Killing Cancer Stem Cells: The Final Battle?

| About: Verastem (VSTM)

Cambridge, MA based Verastem (NASDAQ:VSTM) is a pioneer in the battle against cancer stem cells.

Cancer drugs in use today are successful in killing the bulk of tumor cells, but most of the time fail to result in a durable clinical solution because the cancer returns. A reason for this failure may be the presence of a small minority of cells in the tumors called CSCs (cancer stem cells), which are resistant to existing therapies.

Cancer stem cells may be few in numbers in the tumor but are able to travel anywhere in the body and metastasize; that is, initiate new tumors. Metastatic tumor sites are the cause of death in more than 90 percent of cancer patients. Cancer stems cells have been found in many types of tumors, including leukemia, myeloma, breast, prostate, colon, brain, lung and others.

The existence of CSCs is a fairly recent discovery (in the past 5 years) and the fight against them is led by a few pioneering companies, among them Verastem.

Cancer stem cells

Robert Weinberg, Ph.D., a professor at MIT and scientific co-founder of Verastem, explains in a videotaped lecture that killing cancer stem cells requires a totally different set of drugs than killing non-stem cells, and both sets of drugs are important and necessary.

Dr Weinberg said:

"I would say that, for many kinds of solid tumors, truly durable clinical responses will have to come from eliminating both the cancer stem cells in the tumor and the non-stem cells. Eliminating only one or the other will not suffice because the dynamics of cancer regrowth will ensure that sooner or later one will have a clinical relapse."

A major factor preventing the discovery of drugs against cancer stem cells in the early days was that these cells are few in numbers, difficult to isolate and when isolated, are unstable in culture. All that made it difficult to screen drugs against them.

Verastem's scientific co-founders, Robert Weinberg, Eric Lander, and Piyush Gupta, have discovered EMT (epithelial-to-mesenchymal transition). EMT is the process by which ordinary cancer cells are transformed into active and aggressive cancer stem cells and can be multiplied.

Using that process, a large number of stable cancer stem cells can be generated and screened by high-throughput drug discovery systems to find drugs that work against them. At MIT 16,000 different chemical compounds were screened and found that only a small number of those compounds, including salinomycin and etoposide, are effective in targeting and killing cancer stem cells.

Salinomycin happens to be a widely used antibacterial agent added to chickenfeed by farmers.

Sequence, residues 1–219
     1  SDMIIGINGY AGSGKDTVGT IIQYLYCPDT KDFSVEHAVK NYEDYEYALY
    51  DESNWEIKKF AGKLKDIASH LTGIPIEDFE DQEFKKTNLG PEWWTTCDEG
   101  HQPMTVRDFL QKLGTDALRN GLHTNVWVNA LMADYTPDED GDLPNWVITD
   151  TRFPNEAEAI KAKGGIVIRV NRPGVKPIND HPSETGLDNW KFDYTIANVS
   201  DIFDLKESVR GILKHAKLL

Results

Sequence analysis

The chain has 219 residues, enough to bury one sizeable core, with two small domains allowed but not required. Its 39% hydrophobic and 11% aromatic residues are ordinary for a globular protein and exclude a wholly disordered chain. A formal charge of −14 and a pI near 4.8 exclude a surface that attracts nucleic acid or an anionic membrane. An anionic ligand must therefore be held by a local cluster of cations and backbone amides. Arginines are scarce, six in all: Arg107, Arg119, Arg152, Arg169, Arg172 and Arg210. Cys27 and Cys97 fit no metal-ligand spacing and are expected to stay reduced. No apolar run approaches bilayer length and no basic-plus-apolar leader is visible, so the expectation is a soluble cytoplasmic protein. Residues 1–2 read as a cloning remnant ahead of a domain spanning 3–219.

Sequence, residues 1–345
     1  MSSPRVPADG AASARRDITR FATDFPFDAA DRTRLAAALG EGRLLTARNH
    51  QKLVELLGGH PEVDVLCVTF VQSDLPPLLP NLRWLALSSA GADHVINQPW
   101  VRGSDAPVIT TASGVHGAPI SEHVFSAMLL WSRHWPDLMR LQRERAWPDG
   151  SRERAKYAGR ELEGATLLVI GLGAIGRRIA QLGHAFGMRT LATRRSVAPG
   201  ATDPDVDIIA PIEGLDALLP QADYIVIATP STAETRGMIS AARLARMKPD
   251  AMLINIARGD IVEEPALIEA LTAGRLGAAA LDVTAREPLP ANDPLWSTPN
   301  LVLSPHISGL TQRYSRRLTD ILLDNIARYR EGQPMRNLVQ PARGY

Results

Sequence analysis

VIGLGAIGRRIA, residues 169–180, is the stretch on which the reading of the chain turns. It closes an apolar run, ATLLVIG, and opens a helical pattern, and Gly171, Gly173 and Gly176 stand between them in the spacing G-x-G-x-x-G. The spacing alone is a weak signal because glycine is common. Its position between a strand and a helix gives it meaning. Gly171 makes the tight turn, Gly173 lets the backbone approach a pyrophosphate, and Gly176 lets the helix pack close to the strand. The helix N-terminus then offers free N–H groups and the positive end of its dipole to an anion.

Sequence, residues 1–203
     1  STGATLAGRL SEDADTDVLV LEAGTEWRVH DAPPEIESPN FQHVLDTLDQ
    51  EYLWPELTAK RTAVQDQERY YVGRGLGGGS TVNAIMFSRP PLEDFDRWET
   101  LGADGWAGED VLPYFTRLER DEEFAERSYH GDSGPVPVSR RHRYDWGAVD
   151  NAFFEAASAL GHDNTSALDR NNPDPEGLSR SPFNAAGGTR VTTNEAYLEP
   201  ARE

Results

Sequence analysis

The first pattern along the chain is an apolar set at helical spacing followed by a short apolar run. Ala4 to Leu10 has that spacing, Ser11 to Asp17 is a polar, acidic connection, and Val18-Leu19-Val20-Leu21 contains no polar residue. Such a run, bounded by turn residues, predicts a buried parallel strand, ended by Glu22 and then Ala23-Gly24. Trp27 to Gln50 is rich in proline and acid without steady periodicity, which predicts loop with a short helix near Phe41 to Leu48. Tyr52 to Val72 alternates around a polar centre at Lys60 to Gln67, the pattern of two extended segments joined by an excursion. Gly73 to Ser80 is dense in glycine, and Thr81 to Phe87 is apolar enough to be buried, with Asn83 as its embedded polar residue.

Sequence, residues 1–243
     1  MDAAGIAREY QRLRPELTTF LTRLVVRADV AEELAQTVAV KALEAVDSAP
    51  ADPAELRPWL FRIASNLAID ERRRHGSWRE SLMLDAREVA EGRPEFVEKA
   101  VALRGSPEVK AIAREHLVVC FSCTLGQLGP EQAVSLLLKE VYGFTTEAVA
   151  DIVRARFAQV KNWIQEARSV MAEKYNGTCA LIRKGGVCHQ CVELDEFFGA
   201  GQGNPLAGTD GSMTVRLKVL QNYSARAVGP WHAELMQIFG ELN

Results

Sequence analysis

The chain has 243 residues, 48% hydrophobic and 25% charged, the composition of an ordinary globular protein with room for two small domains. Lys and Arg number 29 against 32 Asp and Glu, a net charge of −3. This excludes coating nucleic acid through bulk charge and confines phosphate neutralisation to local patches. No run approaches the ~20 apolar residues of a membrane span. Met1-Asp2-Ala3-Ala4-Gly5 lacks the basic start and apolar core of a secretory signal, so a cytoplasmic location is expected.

Piyush Gupta and colleagues have shown that salinomycin can kill breast cancer stem cells in mice 100 times more effectively than the standard of care chemotherapy drug paclitaxel.

Treatment of mice with salinomycin inhibited mammary tumor growth and showed potent antiproliferative activity against the drug-resistant cancer cell lines.

Using salinomycin as a cancer drug has a number of skeptics in the scientific community, as it is a decades-old drug, which is toxic when used in larger volume and may have patent problems.


To speed up corporate progress, in 2012 Verastem acquired the compound defactinib from Pfizer (NYSE:PFE) after a Phase 1 trial with 36 patients was successfully concluded.

Verastem has paid Pfizer for the drug $1.5 million upfront along with 192,012 shares of Verastem's shares and a further pledge of up to $125 million in milestone payments and royalties.

Defactinib (( VS-6063)) is Verastem's lead compound. It is currently tested in several trials: a Phase 2 trial called COMMAND, in mesothelioma, a Phase 1/1b study in ovarian cancer, a Phase 1 study in Japan and a Phase 2 trial in KRAS-mutated NSCLC (Non-Small Cell Lung cancer).

The COMMAND trial is a randomized, double-blind, placebo-controlled, multicenter study in patients with MPM (malignant pleural mesothelioma) who have not progressed following 4 cycles of treatment with chemos Alimta/cisplatin or Alimta/carboplatin.

200 mg defactinib tablets are given to these patients twice a day, or matched placebo.

The patients will continue to receive treatment until disease progression or other discontinuation criteria are met. All participants will be followed for overall survival by telephone contact every 2 months until end of life or the close of the study.